What is the difference between the note and the debt? What difference does it make?

NOTE: This case reads like  law review article. It is well worth reading and studying, piece by piece. Judge Marx has taken a lot of time to research, analyze the documents, and write a very clear opinion on the truth about the documents that were used in this case, and by extension the documents that are used in most foreclosure cases.

Simple answer: if you had a debt to pay would you pay it to the owner of the debt or someone else who says that you should pay them instead? It’s obvious.

Second question: if the owner of the debt is really different than the party claiming to collect it, why hasn’t the owner shown up? This answer is not so obvious nor is it simple. The short version is that the owners of the risk of loss have contracted away their right to collect on the debt, note or mortgage.

Third question: why are the technical requirements of an indorsement, allonge etc so important? This is also simple: it is the only way to provide assurance that the holder of the note is the owner of the note. This is important if the note is going to be treated as evidence of ownership of the debt.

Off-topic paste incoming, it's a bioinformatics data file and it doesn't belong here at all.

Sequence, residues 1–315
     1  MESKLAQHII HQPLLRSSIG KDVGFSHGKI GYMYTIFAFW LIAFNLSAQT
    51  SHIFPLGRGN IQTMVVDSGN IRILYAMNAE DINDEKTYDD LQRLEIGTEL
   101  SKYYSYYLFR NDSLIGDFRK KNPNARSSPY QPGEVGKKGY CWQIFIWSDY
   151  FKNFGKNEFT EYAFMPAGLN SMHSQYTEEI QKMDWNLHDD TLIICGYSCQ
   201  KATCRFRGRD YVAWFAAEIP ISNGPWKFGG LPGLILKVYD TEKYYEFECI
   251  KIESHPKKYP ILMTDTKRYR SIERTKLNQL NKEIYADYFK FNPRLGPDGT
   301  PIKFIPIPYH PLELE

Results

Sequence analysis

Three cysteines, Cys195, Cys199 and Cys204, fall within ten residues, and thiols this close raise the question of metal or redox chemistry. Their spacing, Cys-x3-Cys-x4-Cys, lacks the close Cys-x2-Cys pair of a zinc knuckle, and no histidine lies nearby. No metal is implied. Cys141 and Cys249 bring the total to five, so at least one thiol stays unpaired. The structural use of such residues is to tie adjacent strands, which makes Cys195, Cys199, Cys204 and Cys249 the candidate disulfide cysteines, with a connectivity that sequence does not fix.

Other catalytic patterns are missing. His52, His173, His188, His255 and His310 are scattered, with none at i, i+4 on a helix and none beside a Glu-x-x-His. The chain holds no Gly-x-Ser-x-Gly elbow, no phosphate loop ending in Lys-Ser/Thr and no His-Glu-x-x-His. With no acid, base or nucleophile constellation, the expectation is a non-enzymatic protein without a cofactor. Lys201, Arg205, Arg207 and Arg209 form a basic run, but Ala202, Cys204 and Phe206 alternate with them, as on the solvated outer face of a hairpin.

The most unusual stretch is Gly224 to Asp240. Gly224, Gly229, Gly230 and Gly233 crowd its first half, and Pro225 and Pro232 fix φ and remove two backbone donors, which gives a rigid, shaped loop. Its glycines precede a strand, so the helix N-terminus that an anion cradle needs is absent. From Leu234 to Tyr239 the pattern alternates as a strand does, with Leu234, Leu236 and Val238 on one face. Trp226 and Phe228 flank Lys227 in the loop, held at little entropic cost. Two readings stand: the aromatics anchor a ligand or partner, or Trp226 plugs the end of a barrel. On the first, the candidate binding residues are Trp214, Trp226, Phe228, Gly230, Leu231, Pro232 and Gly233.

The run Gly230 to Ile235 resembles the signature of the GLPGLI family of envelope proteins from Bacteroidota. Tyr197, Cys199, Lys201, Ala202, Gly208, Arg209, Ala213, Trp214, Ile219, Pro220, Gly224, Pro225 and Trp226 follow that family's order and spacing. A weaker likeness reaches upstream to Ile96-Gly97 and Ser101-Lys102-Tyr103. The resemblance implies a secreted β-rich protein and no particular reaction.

NY Slip Opinion: Judge Paul I Marx carefully analyzed the facts and the law and found that there was a failure to firmly affix the alleged allonge which means that the note possessor must prove, rather than presume, that the possessor is a holder with rights to enforce. U.S. Bank, N.A. as Trustee v Cannella April 15, 2019.

Now the lawyers who claim U.S. Bank, N.A. is their client must prove something that doesn’t exist in the real world. This a problem because U.S. Bank won’t and can’t cooperate and the investment bank won’t and can’t allow their name to be used in foreclosures.

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THIS ARTICLE IS NOT A LEGAL OPINION UPON WHICH YOU CAN RELY IN ANY INDIVIDUAL CASE. HIRE A LAWYER.
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Words actually matter — in the world of of American Justice, under law, without words, nothing matters.
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So it is especially important to presume nothing and actually read words without making any assumptions. Much of what we see in the language of what is presented as a conveyance is essentially the same as a quitclaim deed in which there is no warranty of title and which simply grants any interest that the grantor MIGHT have. It is this type of wording that the banks use to weaponize the justice system against homeowners.